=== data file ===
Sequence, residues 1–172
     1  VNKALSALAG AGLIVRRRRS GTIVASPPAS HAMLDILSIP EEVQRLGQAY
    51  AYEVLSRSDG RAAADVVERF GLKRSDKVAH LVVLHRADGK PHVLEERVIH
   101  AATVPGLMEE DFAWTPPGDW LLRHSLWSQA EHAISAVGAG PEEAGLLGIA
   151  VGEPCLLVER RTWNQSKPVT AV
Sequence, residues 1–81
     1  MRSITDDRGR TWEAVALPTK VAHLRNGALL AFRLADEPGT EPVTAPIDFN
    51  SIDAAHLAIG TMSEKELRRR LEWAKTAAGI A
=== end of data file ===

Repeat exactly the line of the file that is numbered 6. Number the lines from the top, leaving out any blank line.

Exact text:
Sequence, residues 1–81